The Toshiba AC100 is one of the first netbook-style devices to ship with Google Android installed. The operating system is typically installed on smartphones or tablets with touchscreen devices — not computers with keyboards and touchpads. The Toshiba AC100, on the other hand, looks like a netbook, with a 10 inch. 1024 x 600 pixel display, a keyboard and touchpad, and no touchscreen.
What the AC100 does have is a reasonably fast dual core NVIDIA Tegra 2 chip and a thin and light design. The computer weighs just about 1.9 pounds, which is pretty light even by netbook standards.
Some folks have been underwhelmed by the way Android performs on the hardware though — and they’ve taken things into their own hands, by figuring out how to install a hacked bootloader that lets you install a separate operating system using an SD card or USB flash drive.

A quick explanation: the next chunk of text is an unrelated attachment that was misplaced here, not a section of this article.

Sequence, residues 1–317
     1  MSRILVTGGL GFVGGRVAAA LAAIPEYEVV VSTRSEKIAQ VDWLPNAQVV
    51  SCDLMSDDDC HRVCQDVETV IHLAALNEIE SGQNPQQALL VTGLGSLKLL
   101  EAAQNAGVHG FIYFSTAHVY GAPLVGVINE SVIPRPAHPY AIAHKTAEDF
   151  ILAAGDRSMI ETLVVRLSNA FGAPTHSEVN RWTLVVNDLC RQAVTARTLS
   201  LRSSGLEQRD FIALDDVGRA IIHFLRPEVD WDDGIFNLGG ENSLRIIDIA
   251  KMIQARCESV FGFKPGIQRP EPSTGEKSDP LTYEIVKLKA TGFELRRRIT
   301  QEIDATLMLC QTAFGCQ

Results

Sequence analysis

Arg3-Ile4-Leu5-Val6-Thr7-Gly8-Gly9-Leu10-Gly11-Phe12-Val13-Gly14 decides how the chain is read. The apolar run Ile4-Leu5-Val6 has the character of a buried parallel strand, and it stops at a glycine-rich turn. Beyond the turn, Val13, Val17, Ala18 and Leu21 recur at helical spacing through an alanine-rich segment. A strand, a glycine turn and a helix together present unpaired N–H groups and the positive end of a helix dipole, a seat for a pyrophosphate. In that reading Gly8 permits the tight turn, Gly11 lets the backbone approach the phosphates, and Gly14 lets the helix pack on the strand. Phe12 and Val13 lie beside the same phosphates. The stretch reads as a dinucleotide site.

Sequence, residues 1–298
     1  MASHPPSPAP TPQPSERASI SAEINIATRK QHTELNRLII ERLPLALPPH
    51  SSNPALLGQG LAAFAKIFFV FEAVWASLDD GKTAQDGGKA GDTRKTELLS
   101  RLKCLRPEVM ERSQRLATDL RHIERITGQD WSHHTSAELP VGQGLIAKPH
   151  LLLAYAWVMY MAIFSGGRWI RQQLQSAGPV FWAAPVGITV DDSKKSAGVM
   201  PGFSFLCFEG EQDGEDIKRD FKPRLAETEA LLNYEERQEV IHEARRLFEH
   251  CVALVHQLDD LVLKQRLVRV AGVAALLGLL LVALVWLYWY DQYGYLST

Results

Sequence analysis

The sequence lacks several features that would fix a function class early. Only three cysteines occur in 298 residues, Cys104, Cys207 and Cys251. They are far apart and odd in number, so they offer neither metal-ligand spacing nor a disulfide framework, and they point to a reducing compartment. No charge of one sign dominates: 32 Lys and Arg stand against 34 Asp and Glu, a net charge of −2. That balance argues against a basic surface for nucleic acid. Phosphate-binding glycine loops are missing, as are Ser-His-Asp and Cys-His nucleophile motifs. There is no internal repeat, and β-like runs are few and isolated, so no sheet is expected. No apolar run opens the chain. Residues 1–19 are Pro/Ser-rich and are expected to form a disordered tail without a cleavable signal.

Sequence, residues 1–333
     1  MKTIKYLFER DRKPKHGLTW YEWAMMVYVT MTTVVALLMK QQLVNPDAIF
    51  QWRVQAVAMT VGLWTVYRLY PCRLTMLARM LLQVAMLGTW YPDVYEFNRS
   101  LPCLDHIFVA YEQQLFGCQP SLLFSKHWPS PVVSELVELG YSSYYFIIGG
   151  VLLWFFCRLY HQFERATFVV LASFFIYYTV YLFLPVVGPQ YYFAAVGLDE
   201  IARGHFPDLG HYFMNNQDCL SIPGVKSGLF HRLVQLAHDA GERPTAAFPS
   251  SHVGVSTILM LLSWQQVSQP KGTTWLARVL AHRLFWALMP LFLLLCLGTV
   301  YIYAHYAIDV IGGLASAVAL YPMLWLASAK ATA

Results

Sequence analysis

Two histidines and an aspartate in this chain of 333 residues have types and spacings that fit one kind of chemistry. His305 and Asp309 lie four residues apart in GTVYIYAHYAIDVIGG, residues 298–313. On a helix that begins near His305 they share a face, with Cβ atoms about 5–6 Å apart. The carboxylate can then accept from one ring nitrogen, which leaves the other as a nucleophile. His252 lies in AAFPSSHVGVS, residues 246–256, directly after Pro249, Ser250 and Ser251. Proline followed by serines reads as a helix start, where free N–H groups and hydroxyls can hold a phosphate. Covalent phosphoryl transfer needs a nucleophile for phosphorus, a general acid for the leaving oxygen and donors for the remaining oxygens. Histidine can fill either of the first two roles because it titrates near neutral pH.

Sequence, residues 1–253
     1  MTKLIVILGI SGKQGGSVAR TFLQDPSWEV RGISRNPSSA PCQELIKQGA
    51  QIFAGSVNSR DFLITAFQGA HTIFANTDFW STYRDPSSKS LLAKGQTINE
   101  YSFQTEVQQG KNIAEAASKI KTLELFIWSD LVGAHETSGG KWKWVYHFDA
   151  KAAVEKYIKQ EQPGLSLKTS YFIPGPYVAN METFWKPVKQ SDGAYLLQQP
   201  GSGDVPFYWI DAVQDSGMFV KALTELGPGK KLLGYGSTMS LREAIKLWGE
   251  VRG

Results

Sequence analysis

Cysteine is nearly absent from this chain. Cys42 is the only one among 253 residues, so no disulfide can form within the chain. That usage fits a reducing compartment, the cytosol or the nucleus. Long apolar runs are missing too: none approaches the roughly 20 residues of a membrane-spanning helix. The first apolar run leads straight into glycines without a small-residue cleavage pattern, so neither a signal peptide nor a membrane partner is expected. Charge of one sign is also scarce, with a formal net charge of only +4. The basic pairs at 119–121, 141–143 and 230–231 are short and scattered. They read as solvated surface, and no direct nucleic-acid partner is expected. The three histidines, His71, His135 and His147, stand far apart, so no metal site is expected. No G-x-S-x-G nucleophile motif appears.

Chippy at Carrypad has been following the progress of these hacks for a while, and today he has posted a video showing Ubuntu Linux 10.10 RC running on the AC100.
The Toshiba AC100 has just 512MB of RAM, and relies on the SD card not just for storage, but also for swap space, which can lead to things running a bit slowly. But overall, Ubuntu seems to run quite well on the AC100, providing a much more desktop-like user experience than you would get with Google Android.
You can run the full version of the Firefox Web browser, OpenOffice.org, and other apps. What’s more, even though ARM-based chips are usually slower than similar x86 processors, apps like Firefox and the GIMP image editor seem to work just as well on the AC100 as on a typical netbook with an Intel Atom chip.
On the down side, there’s still no support for audio, 3D graphics acceleration, the webcam, video playback, or Adobe Flash yet.
Toshiba has apparently taken notice of the third party development in this area, and is working on collecting information from the user community which could lead to the release of graphics drivers and other tools for AC100 Ubuntu hackers.
You can check out Chippy’s demo video after the break.